I have officially joined the land of sceptics (on this topic, for most others I have held the presidency for years-- I usually try to remain optimistic in this area) I am pretty sure there will be another hockey lockout this year. I am a big hockey fan and the thought of no Hockey Night in
fills me with a horrifying dread. Canada
Could any good come out of a hockey lockout? Let's see. Last time, instead of showing sports from around the world, we got Texas No Limit Hold'em pretty much 24/7. A little bit of this was okay. Granted it started a whole new industry and a large number of cheap, easy to produce TV shows. It made several gamblers quite famous. I don't begrudge that, but every time I turn on the TV I see the same hand of poker being played. (You know, the one where the guy in the pink shirt gets crushed by the pros) Obviously someone is making money from this, but I am not sure who it is.
I do like poker, and I admit it is TV friendly. I even have the World Series of Poker software for my PSP. I just don't want to see it as much as I had to during the last lockout. If it is so cheap to produce, I shouldn't have to face multiple reruns.
Back to the point. Could any good come out of a lockout? Well, last time the players caved and we got a salary cap. Revenues are up and the cap is still taking the same percentage as before. Sounds like a recipe for financial stability. Apparently not. Some teams are still not making money. Some teams are still in jeopardy of failing. I lost a year of hockey, and nothing has changed. Go figure.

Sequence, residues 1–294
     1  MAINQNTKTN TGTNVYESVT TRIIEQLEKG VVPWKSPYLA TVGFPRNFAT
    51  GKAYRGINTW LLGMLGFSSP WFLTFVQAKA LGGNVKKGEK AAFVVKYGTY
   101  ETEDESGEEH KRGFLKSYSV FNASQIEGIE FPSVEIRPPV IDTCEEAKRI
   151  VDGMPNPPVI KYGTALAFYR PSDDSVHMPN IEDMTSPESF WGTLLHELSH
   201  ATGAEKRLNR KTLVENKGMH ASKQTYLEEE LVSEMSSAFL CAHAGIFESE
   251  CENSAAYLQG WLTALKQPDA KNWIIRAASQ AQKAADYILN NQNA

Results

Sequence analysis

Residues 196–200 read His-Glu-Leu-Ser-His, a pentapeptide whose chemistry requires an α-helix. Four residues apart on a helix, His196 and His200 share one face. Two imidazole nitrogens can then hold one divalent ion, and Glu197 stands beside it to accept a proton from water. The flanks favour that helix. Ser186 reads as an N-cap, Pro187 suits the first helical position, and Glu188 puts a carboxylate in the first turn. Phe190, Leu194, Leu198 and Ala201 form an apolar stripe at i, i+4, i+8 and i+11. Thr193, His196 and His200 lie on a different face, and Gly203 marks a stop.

The sticking points seem to be revenue sharing and players' salaries. I understand that. If my team were in a profitable market (mine is) then why would I want to give money to a team that can't even fill the best seats in the house at rock bottom prices? As for players' salaries..... They took what they were offered. Can't blame them for negotiating well can you. I certainly wouldn't like it if someone came to my work and told me they thought I was overpaid (regardless of how much money I was making).
Maybe there are too many teams in the NHL. Fewer teams would mean that there would be fewer professional players (the players union certainly wouldn't like that) and that would mean the overall quality of each team would rise. There would be glut of almost good enough players, so their salaries would probably decrease.
On the down side, there would be fewer games on TV and there would be fewer minutes spent discussing hockey. I am not sure that would be a bad thing.
This year my team is scheduled to take part in "the Winter Classic", but that could be shelved due to scheduling conflicts. Irony is a bitter pill to swallow.
Time will tell, but I expect a lockout. I expect owners who travel in Limousines and eat at five star restaurants with supermodels to tell me that they are paying players too much. I expect players who drive exotic sports cars and eat at five star restaurants with supermodels or A list actresses to tell me how much they miss playing. I expect both sides to say they just want to do what is best for the game. I expect the various sports channels to find something new for us to watch 24hours a day--maybe darts, or competitive skeet shooting.
Hockey season hasn't started yet and already I miss it. Maybe I should take up jogging.